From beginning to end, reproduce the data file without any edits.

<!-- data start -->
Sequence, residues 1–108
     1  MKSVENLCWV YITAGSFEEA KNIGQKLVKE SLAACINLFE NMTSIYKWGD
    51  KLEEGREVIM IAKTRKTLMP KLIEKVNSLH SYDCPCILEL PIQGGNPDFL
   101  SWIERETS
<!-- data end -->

Sequence, residues 1–108
     1  MKSVENLCWV YITAGSFEEA KNIGQKLVKE SLAACINLFE NMTSIYKWGD
    51  KLEEGREVIM IAKTRKTLMP KLIEKVNSLH SYDCPCILEL PIQGGNPDFL
   101  SWIERETS